Drop Out Crisis

What does it take for a contemporary Native family to thrive on their reservation? Badger Creek is a portrait of Native resilience as seen through a year in the life of three generations of a Blackfeet family living on the reservation in Montana. The loving and sober Momberg family members run a successful ranch, live a traditional worldview and are relearning their language.

Today, only 41 fluent Native speakers of the Kodiak Alutiiq language remain, mostly Elders.

Navajo Math Circles follows Navajo students in a lively collaboration with mathematicians. Using a model called math circles, the students stay late after school and assemble over the summer at Diné College in Tsaile, Arizona, to study mathematics. The math circles approach emphasizes student-centered learning by putting children in charge of exploring mathematics to their own joy and satisfaction.

Los Angeles, California
August 12, 2015 - 9:00pm

The Medicine Game shares the remarkable journey of two brothers from the Onondaga Nation driven by a single goal; to beat the odds and play lacrosse for natio

Legendary as one of America's greatest horse tribes, the 21st century Nez Perce decided to bring horses back to their land and lives with the unlikely help of a charismatic Navajo horseman, Rudy Shebala.

Frank Waln (Sicangu Lakota) is an artist and producer from the Rosebud Sioux Reservation. After graduating valedictorian at his high school and starting college as a pre-medical student at Creighton University through the prestigious Gates Millennium Scholarship, he recently graduated from Colombia College Chicago to pursue his dream in music. As a member of the Native American band, Nake Nula Waun, he became the youngest person ever in 2010 to win the Native American Music Award for Best Producer.

Charles "Boots" Kennedye  is a member of the Kiowa Tribe of Oklahoma and a documentary producer at OETA (Oklahoma Educational Television Authority). He's been at the helm of projects such as Oklahoma World War II Stories, The State of Sequoyah and worked with Rocky Mountain PBS in 2011 on Urban Rez.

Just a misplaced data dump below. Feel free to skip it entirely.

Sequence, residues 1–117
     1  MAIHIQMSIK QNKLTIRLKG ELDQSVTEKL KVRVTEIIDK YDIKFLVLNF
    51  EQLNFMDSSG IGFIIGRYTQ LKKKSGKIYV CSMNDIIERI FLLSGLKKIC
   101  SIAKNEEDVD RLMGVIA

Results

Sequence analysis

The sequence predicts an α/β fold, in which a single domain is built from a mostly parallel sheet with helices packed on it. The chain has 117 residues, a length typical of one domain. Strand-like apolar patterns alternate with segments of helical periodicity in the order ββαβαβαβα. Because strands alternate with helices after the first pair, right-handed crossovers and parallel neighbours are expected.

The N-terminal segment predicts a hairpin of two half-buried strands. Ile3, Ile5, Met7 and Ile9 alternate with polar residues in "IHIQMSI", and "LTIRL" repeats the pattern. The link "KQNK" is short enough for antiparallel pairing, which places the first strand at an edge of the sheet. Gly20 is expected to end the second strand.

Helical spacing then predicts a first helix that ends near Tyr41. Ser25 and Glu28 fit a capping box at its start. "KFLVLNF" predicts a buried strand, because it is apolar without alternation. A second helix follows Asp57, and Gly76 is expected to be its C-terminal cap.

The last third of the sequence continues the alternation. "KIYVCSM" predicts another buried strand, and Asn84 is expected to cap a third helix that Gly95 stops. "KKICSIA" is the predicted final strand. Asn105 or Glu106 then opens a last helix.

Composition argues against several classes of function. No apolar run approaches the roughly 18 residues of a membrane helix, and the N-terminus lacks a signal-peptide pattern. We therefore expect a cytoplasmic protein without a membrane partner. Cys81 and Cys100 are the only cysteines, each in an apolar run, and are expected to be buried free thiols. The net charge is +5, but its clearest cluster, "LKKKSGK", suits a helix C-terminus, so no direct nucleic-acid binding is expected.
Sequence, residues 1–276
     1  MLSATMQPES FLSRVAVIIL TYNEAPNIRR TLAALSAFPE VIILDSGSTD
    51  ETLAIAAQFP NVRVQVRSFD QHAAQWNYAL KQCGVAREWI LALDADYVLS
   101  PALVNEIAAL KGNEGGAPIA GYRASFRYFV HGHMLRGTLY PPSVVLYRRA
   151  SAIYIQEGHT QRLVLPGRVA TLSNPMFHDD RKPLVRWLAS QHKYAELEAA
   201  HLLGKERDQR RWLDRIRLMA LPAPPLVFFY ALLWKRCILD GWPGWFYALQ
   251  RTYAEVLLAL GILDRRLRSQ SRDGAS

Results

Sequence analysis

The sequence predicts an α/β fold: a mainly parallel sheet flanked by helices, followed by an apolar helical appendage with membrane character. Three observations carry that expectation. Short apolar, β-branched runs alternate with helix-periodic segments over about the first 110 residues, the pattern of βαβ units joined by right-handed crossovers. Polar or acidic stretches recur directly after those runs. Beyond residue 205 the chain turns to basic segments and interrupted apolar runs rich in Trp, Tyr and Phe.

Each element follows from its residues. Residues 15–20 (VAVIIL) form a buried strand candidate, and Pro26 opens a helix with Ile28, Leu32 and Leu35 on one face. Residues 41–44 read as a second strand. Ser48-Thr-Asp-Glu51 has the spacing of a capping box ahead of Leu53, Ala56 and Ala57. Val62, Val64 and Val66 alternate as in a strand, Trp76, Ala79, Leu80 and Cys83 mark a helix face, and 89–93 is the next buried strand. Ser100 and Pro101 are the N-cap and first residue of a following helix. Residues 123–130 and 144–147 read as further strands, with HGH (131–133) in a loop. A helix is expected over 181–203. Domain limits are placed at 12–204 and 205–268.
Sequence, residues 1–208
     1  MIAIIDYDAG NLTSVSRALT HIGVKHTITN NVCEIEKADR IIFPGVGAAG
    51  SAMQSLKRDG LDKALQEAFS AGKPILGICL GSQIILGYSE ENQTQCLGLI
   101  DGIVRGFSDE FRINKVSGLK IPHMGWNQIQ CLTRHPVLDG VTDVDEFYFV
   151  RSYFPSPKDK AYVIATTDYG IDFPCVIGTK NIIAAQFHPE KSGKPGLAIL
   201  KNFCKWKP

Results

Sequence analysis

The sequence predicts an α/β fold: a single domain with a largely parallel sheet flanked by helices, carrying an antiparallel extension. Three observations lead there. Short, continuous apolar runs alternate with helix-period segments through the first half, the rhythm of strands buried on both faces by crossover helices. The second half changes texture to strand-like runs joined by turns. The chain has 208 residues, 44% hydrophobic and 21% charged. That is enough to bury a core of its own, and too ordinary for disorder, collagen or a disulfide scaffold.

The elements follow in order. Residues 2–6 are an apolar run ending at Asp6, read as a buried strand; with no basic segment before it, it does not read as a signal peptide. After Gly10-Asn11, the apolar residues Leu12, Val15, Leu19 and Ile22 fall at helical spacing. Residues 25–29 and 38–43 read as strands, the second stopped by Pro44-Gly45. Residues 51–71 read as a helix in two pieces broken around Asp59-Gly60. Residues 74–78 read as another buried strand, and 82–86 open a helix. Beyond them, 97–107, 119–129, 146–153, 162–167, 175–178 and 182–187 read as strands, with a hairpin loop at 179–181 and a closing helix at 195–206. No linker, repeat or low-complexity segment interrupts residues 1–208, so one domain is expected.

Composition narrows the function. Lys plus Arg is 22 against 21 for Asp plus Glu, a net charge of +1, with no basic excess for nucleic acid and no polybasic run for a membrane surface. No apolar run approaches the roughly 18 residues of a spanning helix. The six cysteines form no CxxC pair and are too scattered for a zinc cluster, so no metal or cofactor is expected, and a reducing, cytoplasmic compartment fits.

Syd and Kate Beane (Flandreau Santee Sioux) are a father-daughter filmmaking team from Minnesota. Their current project is a documentary film, Ohiyesa: The Soul of an Indian, based on the life of their renowned relative, Charles A. Eastman, and Kate’s discovery of her family heritage.

Eastman is a prominent figure in Native American history for his contribution in the medical field as a Native physician, particularly after the Wounded Knee Massacre. He is also remembered as an accomplished author and cultural leader of his time. 

Gyasi Ross is of both the Blackfeet nation and the Suquamish nation, and currently lives on the Port Madison Indian Reservation.  He is a father, lawyer, filmmaker and author.  For many people living on the reservation Ross is the only lawyer they know, he said, and so he gives legal advice as best he can. Above his various vocations, Ross is most passionate about being a father to his son.

From Tohatchi, New Mexico, on the Navajo Reservation, Ramona Emerson (Diné) is a filmmaker who received her degree in Media Arts from the University of New Mexico in 1997 and has worked as a professional videographer, writer, and editor. Over her thirteen-year career, Emerson has received support from the State of New Mexico, National Geographic, Sundance Institute, and the Ford Foundation.

Vision Maker Media says goodbye to Blue Tarpalechee (Muscogee-Creek), who has been a project coordinator with Vision Maker Media since 2011. In this role, he coordinated educational resources for the organization and served as associate producer for the highly anticipated upcoming series "Growing Native," hosted by Chris Eyre.

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Should tribes like the Shoshone and Arapaho attempt to bring back beautiful ancestral objects—drums, pipes, eagle wing fans, medicine bags, weapons, and ceremonial attire that ar